To put the matter in a nutshell the police take the panchas with themselves so that they should watch what happens. THEy are not interested in what happens nor are they parties to the trap. THE law of the land requires that certain things should be done by the police in the presence of independent respectable persons so that the presence of the said persons may put the particular transaction beyond the pale of suspicion.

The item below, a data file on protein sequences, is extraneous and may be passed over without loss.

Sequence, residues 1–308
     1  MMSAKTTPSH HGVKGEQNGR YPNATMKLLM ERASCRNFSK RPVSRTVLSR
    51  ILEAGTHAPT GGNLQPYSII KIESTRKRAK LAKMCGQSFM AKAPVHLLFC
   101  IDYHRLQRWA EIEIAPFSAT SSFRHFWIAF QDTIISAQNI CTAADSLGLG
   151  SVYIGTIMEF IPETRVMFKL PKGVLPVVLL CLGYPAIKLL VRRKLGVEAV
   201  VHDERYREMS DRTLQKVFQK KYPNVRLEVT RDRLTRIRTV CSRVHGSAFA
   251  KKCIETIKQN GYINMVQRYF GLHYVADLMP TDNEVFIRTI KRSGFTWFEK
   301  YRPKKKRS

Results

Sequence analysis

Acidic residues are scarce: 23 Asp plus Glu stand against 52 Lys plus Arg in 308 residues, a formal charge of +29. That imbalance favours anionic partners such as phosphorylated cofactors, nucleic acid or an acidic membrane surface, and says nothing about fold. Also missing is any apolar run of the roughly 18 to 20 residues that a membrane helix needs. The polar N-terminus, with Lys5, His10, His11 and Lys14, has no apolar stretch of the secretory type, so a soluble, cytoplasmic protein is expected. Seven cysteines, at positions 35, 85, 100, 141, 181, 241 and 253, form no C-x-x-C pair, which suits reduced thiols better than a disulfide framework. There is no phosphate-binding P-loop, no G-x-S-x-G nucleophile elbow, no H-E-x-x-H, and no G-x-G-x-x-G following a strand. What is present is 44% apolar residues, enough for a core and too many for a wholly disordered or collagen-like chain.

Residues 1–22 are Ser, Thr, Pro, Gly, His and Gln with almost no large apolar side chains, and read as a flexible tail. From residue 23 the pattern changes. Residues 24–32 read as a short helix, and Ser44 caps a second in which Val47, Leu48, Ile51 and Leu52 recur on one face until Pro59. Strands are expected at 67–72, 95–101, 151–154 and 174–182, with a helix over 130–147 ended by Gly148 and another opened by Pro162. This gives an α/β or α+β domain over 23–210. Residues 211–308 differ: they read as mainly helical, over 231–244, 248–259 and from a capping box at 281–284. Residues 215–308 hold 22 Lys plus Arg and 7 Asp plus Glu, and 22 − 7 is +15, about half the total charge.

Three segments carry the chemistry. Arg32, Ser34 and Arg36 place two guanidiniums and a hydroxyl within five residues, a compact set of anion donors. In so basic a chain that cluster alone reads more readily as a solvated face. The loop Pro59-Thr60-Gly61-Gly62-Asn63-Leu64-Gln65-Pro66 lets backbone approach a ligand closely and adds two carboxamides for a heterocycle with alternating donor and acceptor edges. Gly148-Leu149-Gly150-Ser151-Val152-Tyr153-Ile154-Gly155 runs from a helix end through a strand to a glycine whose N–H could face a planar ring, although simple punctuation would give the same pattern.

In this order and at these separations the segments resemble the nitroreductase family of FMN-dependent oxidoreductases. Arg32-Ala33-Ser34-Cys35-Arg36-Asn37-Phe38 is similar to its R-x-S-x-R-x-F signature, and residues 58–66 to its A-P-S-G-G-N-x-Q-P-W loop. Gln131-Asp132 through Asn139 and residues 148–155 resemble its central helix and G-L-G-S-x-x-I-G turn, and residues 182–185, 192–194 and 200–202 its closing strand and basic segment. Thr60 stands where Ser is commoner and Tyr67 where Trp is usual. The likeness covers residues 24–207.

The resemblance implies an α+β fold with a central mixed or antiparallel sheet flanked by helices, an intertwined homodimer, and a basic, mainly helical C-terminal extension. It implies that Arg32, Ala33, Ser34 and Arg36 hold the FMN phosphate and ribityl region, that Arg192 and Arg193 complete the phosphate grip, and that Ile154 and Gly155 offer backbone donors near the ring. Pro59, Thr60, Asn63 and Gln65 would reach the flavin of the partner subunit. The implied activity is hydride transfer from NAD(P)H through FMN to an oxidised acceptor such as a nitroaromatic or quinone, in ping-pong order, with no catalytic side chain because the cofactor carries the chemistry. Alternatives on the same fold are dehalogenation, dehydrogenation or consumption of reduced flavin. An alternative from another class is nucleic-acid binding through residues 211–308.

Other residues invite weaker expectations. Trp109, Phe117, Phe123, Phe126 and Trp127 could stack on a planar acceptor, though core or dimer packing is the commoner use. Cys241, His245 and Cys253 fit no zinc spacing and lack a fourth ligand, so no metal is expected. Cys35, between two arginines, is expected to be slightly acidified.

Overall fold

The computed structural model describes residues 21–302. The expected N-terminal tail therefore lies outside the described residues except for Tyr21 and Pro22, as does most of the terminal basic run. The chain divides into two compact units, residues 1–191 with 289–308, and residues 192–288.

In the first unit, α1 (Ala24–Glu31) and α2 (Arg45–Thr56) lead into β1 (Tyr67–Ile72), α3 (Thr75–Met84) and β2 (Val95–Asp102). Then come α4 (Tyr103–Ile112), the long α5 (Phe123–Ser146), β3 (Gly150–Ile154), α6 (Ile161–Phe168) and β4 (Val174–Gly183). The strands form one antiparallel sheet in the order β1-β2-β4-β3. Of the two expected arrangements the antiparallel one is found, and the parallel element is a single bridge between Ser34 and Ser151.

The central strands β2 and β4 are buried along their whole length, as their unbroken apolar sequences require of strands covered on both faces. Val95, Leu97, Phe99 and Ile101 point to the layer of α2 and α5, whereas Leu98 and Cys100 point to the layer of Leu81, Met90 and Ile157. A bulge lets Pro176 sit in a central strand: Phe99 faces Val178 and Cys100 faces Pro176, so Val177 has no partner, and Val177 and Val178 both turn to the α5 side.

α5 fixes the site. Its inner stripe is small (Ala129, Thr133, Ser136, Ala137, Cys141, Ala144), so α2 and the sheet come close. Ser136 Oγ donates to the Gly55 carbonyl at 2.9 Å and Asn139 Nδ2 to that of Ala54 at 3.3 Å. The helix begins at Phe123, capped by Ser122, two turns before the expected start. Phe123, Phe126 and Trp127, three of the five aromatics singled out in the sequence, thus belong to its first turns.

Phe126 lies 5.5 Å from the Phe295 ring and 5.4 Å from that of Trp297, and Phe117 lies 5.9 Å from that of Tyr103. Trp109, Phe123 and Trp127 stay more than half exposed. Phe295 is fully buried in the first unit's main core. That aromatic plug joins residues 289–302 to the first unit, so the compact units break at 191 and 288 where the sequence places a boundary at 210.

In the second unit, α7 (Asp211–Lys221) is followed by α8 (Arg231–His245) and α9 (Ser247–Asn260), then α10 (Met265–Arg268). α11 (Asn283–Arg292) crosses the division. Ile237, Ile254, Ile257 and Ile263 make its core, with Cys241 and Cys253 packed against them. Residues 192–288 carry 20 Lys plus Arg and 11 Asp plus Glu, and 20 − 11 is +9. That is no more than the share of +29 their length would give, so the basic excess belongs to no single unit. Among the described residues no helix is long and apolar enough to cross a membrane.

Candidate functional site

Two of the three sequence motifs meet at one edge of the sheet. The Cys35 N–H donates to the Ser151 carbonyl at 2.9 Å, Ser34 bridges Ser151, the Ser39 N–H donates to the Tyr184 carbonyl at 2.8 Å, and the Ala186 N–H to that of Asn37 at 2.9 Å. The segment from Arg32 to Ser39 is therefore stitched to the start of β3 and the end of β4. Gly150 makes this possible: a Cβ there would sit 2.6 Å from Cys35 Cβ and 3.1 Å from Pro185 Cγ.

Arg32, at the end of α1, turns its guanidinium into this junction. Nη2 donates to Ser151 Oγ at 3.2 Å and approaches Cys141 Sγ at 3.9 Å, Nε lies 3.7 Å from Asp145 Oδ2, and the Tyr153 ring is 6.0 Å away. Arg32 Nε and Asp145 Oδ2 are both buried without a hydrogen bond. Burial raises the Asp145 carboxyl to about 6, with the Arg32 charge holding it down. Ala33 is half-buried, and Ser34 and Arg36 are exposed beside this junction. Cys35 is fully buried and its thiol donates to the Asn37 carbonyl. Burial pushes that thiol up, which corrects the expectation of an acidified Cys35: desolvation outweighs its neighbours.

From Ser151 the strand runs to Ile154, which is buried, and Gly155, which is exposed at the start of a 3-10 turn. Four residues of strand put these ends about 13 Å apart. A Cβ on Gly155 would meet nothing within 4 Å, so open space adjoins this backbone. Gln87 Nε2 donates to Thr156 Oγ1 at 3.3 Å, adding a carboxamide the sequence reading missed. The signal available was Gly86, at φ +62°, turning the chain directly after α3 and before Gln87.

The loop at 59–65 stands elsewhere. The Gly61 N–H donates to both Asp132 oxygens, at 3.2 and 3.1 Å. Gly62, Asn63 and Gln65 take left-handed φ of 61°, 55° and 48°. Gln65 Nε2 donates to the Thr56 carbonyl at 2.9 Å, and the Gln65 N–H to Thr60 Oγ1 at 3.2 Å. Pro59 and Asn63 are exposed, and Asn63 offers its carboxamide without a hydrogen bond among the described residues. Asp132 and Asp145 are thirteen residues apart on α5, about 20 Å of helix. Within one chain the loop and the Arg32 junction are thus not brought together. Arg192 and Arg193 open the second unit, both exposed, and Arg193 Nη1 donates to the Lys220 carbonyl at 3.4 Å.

In these circumstances to construe the conduct of independent and respectable people who accompany the police at the asking of the police to serve as panchas as being the conduct of partisan persons would be grossly unfair to these people. THEy pointed out that if panchas who come forward to do their duty in the administration of justice as respectable citizens lose in the bargain their independent character and carry a stigma of being a partisan witness it would become a serious matter. THEse are weighty considerations. Mr. Mankad however invites our attention to the decision of this Court in Bhanuprasad v. State (VI G.L R. 958) and to the observation therein that the trap witnesses who are members of the raiding party may be treated as partisan witnesses but as regards partisan witnesses there is no rule of law that their evidence cannot be accepted in the absence of independent corroboration in material particulars. THE observations there refer to the trap witnesses and to the question whether the evidence of partisan witnesses requires to be independently corroborated in material particulars before it can be accepted. THErefore it is not possible to accept Mr. Mankads submission that merely because Pratapsingh is a panch he must be on that account held to be a partisan or interested witness. Whether or not he is an independent witness or interested witness must depend on the facts of this case and so far as the facts of this case go there is nothing to indicate that he is in any way an interested witness. On the other hand the facts indicate that he is an independent witness. That being so his evidence if accepted furnishes additional evidence which tenders the evidence of the complainant and the P.S.I. probable and acceptable. [ THE rest of the judgment is not material for the reports. ] Appeal dismissed.;